93

Convert the DataFrame's content (e.g. Lat and Lon columns) into appropriate Shapely geometries first and then use them together with the original DataFrame to create a GeoDataFrame. from geopandas import GeoDataFrame from shapely.geometry import Point geometry = [Point(xy) for xy in zip(df.Lon, df.Lat)] df = df.drop(['Lon', 'Lat'], axis=1) gdf = ...


37

Using Panda's to_sql method and SQLAlchemy you can store a dataframe in Postgres. And since you're storing a Geodataframe, GeoAlchemy will handle the geom column for you. Here's a code sample: # Imports from geoalchemy2 import Geometry, WKTElement from sqlalchemy import * import pandas as pd import geopandas as gpd # Creating SQLAlchemy's engine to use ...


33

it seems that this is the right way to do that right now: rdf = gpd.GeoDataFrame( pd.concat( dataframesList, ignore_index=True) )


26

Update 201912: The official documentation at https://geopandas.readthedocs.io/en/latest/gallery/create_geopandas_from_pandas.html does it succinctly using geopandas.points_from_xy like so: gdf = geopandas.GeoDataFrame( df, geometry=geopandas.points_from_xy(x=df.Longitude, y=df.Latitude) ) You can also set a crs or z (e.g. elevation) value if you want. ...


23

You can use the cx method on a geodataframe to select rows within a bounding box. For your example frames: xmin, ymin, xmax, ymax = df_sussex.total_bounds sac_sussex = df_sac.cx[xmin:xmax, ymin:ymax] From http://geopandas.org/indexing.html: In addition to the standard pandas methods, GeoPandas also provides coordinate based indexing with the cx indexer, ...


22

You are on the right track and the geopandas GeoDataFrame is a good choice for rasterization over Fiona. Fiona is a great toolset, but I think that the DataFrame is better suited to shapefiles and geometries than nested dictionaries. import geopandas as gpd import rasterio from rasterio import features Set up your filenames shp_fn = '...


22

The question is about Fiona and Shapely and the other answer using GeoPandas requires to also know Pandas. Moreover GeoPandas uses Fiona to read/write shapefiles. I do not question here the utility of GeoPandas, but you can do it directly with Fiona using the standard module itertools, specially with the command groupby ("In a nutshell, groupby takes an ...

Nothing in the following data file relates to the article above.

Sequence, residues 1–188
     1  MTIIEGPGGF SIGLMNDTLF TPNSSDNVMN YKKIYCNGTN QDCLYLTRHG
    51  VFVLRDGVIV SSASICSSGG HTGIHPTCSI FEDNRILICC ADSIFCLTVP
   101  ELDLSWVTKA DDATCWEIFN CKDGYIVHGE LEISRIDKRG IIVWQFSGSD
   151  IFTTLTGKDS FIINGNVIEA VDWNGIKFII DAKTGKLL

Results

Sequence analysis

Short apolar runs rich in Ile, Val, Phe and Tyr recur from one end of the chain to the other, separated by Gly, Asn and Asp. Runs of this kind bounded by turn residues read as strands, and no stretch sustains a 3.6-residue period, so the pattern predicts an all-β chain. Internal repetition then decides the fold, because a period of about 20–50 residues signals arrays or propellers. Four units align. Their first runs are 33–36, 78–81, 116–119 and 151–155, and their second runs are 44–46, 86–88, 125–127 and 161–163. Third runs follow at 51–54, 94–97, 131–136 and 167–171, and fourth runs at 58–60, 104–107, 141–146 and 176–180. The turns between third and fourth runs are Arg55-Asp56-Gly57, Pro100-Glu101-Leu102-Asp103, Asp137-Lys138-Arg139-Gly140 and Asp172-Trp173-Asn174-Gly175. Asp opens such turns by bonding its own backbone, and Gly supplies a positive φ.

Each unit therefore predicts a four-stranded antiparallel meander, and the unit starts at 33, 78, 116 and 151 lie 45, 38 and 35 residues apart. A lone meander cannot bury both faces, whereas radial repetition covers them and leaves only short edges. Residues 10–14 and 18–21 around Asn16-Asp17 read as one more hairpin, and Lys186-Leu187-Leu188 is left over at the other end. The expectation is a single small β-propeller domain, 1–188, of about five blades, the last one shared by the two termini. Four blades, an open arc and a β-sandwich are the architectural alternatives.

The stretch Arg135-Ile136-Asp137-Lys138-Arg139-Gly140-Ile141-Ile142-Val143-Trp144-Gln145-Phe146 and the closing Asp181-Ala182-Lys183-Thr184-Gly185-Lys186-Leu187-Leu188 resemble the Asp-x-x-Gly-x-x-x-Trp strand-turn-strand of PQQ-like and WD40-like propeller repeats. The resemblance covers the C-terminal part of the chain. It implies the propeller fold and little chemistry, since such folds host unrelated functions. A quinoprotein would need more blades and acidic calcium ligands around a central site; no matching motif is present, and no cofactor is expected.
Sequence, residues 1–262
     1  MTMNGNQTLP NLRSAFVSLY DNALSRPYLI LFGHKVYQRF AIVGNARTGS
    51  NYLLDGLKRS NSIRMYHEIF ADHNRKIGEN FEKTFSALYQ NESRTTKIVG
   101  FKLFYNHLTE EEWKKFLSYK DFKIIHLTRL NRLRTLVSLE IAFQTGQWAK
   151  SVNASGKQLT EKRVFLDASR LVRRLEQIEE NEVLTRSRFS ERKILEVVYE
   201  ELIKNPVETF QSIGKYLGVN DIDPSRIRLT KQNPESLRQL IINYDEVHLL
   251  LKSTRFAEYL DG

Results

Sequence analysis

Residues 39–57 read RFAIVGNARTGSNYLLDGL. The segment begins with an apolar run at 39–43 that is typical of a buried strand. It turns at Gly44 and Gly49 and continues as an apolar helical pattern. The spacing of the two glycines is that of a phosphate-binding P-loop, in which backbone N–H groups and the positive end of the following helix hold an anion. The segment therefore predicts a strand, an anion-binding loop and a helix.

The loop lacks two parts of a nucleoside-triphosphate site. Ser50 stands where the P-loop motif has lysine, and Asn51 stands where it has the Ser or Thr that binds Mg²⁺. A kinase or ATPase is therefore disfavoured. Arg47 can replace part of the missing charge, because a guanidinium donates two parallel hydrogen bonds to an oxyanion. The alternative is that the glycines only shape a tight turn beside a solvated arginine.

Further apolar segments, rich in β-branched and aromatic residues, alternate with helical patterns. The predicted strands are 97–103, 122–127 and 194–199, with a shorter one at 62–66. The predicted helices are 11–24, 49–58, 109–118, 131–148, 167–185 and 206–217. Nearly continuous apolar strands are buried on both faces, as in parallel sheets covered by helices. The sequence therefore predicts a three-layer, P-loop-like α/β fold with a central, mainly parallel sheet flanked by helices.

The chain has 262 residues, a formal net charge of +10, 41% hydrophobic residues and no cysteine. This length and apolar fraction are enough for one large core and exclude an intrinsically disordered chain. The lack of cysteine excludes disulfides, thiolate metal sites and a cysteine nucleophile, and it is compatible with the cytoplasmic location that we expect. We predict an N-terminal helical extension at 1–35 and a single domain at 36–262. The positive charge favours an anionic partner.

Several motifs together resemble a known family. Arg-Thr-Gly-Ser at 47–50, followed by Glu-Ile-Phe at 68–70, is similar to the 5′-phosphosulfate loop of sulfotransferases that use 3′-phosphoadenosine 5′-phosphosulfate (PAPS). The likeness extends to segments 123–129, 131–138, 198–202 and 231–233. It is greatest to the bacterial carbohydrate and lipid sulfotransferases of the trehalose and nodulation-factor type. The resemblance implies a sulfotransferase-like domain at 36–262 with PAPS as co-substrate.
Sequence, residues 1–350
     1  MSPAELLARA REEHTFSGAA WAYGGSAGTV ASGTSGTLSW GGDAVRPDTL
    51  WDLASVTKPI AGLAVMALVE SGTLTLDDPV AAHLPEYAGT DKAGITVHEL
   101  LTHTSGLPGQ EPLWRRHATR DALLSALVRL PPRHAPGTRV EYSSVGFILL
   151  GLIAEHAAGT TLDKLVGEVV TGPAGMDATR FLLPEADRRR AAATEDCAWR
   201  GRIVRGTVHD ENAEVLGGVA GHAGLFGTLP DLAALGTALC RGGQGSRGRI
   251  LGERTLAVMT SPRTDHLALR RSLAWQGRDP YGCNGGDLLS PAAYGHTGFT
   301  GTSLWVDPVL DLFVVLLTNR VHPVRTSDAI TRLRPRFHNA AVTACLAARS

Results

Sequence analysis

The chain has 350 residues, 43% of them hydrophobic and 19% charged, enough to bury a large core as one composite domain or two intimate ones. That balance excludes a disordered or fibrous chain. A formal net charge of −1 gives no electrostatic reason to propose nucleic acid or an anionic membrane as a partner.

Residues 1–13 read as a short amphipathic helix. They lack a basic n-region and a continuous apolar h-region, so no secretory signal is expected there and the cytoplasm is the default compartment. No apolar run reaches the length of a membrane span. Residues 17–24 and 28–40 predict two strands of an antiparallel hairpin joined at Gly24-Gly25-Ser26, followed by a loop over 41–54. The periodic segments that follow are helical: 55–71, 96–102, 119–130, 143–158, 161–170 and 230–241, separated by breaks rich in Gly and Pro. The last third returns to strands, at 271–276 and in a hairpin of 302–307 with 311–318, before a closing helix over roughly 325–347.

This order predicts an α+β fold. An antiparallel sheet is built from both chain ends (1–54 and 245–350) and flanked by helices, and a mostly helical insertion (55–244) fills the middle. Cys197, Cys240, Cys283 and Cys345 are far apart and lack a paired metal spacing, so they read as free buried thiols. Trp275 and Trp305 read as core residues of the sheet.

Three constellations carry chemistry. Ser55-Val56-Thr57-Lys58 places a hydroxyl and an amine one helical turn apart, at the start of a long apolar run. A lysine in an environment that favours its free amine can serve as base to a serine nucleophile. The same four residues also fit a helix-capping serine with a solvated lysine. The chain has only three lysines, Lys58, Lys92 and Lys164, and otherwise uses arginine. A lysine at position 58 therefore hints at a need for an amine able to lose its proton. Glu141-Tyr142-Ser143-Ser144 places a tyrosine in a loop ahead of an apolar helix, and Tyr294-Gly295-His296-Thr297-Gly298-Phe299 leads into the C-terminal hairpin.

22

You can directly use the Shapely function Nearest points (the geometries of the GeoSeries are Shapely geometries): from shapely.ops import nearest_points # unary union of the gpd2 geomtries pts3 = gpd2.geometry.unary_union def near(point, pts=pts3): # find the nearest point and return the corresponding Place value nearest = gpd2.geometry == ...


22

If you have large dataframes, I've found that scipy's cKDTree spatial index .query method returns very fast results for nearest neighbor searches. As it uses a spatial index it's orders of magnitude faster than looping though the dataframe and then finding the minimum of all distances. It is also faster than using shapely's nearest_points with RTree (the ...


22

from shapely.geometry import Point import pandas as pd import geopandas as gpd p1 = Point((1,2)) p2 = Point((5,6)) df = pd.DataFrame({'a': [11,22]}) gdf = gpd.GeoDataFrame(df, geometry = [p1,p2]) gdf #out: # a geometry #0 11 POINT (1 2) #1 22 POINT (5 6) You can directly assign the buffer as a new geometry column to your GeoDataFrame: gdf['...


22

To write to GeoJSON: dataframe.to_file("output.json", driver="GeoJSON") To write to GeoPackage: dataframe.to_file("output.gpkg", driver="GPKG") Documentation is here, though somewhat sparse.


20

The examples provided are for executing the scripts in a Jupyter/IPython notebooks environment. In a normal Python environment, you need to import matplotlib to show the image import geopandas as gpd world = gpd.read_file(gpd.datasets.get_path('naturalearth_lowres')) world.plot() import matplotlib.pyplot as plt plt.show()


18

Ran into this problem myself. If you want the x and y as separate GeoDataFrame columns, then this works nicely: gdf["x"] = gdf.centroid.map(lambda p: p.x) gdf["y"] = gdf.centroid.map(lambda p: p.y) Starting with GeoPandas 0.3.0, you can use the provided x and y properties instead: gdf["x"] = gdf.centroid.x gdf["y"] = gdf.centroid.y


18

adding the argument op='within' in the sjoin function speeds up the point-in-polygon operation dramatically. Default value is op='intersects', which I guess would also lead to correct result, but is 100 to 1000 times slower.


18

If the crs of the GeoDataFrame is known (EPSG:4326 unit=degree, here), you don't need Shapely, nor pyproj in your script because GeoPandas uses them). import geopandas as gpd test = gpd.read_file("test_wgs84.shp") print test.crs test.head(2) Now copy your GeoDataFrame and change the projection to a Cartesian system (EPSG:3857, unit= m as in the answer of ...


17

This code finds and adds neighbors as new field value joined by comma. import geopandas as gp file= "C:/path/to/shapefile.shp" df = gp.read_file(file) # open file df["NEIGHBORS"] = None # add NEIGHBORS column for index, country in df.iterrows(): # get 'not disjoint' countries neighbors = df[~df.geometry.disjoint(country.geometry)].NAME....